Devon is not known for itís windmills but they have proved a popular decorative feature on our pots, including the five pictured. Perhaps it is because the windmill harks back to simpler times and maybe entertains a certain amount of romanticism. Decorators may not necessarily have gained their inspiration from their immediate locality but it is certain that most towns and villages would have had their own mill and the area in and around Torquay is no exception.
Windmills in England have been recorded back as far as the 12th Century with water and animal powered mills being recorded in the Doomsday book, according to the survey commissioned by William the conqueror in 1085.
Traditionally a Dutch occupation, windmill design was also perfected by the English, the Dutch using them to pump water as well as grind grain. Over the years three main styles developed, post, smock and tower windmills.
As steam power became more widespread in the 19th century windmills fell into decline and only a handful remain now as a very attractive reminder of technology gone by.
A quick internet search had yielded several windmills in the proximity of Torquay shown on the map.
The first, Longbarrow windmill in North Whilborough (1) between Torquay and Newton Abbot has now lost itís sails but is being used as a holiday home, a better fate than some. Unfortunately the author cannot find any further information as to itís construction date but as it is located high on a hill near the Aller Vale pottery site one could surmise that it was quite visible to pottery workers living in the area surrounding Aller Vale.
Aller Vale windmill pots are extremely attractive, always seen decorated in slips and usually as a silhouette in a riverside setting with a yellow and blue partially cloudy sky. A nice example from around 1900 is shown on page 61 of ĎThe Art of the Torquay and South Devon Pottersí. This is unlikely to be based on the Longbarrow windmill due to the setting.
The second reference is to a windmill in Windmill Hill, Brixham (2) built around 1790, apparently the stone base remains but nothing else could be found out about this one so we could dream that is was the basis for some decoration!
Another Mill that we can dream about was found on the internet search in the form of a slide from the 1960ís showing a mill in Marldon, near Paignton,(4) named the Fernacombe mill, neither Fernacombe nor any further trace of the mill could be found when searching further.
This amazing platter by Watcombe is decorated in slips and perfectly fits what one would imagine as a seaside town windmill, but alas the windmills around the Torquay area were positioned a little inland and upon a hill, with the exception of a mill at Galmpton, the remains of which still sit upon the river Dart. ( 3)
This listed stone windmill tower that bears no resemblance to the Watcombe depiction, was the subject of a planning dispute in October 2003 where locals were opposed to the development of the site as the derelict windmill was a local landmark.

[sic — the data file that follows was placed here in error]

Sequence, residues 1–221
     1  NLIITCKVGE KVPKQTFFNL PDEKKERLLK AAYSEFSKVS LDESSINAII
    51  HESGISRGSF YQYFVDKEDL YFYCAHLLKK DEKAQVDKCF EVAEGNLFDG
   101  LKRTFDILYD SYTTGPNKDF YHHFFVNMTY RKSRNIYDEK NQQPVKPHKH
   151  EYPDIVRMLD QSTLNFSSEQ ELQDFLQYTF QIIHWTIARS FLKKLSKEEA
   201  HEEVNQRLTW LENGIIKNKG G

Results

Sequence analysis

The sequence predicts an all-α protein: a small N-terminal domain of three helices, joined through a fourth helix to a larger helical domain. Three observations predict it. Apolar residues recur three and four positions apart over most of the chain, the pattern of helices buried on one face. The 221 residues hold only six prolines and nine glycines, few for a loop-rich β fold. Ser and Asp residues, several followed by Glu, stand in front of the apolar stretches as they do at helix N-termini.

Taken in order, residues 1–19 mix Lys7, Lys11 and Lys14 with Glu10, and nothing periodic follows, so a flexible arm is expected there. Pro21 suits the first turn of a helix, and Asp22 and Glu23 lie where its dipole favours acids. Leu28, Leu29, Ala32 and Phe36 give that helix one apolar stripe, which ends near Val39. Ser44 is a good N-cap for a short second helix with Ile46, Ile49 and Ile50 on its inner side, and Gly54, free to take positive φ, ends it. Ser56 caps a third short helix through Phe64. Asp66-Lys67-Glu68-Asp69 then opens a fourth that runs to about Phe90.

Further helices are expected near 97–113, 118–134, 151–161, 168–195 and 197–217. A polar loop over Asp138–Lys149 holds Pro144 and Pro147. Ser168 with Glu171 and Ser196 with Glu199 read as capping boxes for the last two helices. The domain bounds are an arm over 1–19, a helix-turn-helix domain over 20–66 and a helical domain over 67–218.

The windmill is privately owned and was build around 1810 and worked up until a fire ceased operation, the date of which was not recorded. Itís construction is quite unusual being of limestone with a circular wall forming an artificial platform around the foot of the tower from which the sails were set.
Two more waterside depictions are also on Watcombe pots both plates and showing further variation in the construction of the mills. Decorated in faience they interestingly point in opposite directions.
Pot 2 has a rosey coloured ground and measures approx 5Ē in diameter, while pot 3 had a rich yellow ground colour and is slightly smaller.
The fourth Watcombe example shows a mill perched on a low cottage type building gives the impression that the decorator was just trying to fill the space on the tall jug! This example is decorated in slips and is very nicely executed, and as none of the real mills appeared to be sat on bungalow we can assume it is also not a direct representation of one of the local mills.
Pot 5 shows a much simpler design of both faience and slips, where the outline, sails, door and windows are drawn in black pigment and the surrounding foliage in slip. This little jug has many hallmarks of an early Hart and Moist pot in both shape and writing style, but the windmill bears very little resemblance to any of the real mills so we could conclude that this one truly is made up.
When comparing the less than optimal quality internet photos, with the examples shown on the pots it is evident than none of them match and we can speculate that the decorators did indeed take their inspiration from other mills. One should not forget that employees of the Torquay potteries were not just form the area and some designs may well be based upon memories of mills from all around the country, this of course is all speculation.
Updated 20 March 2008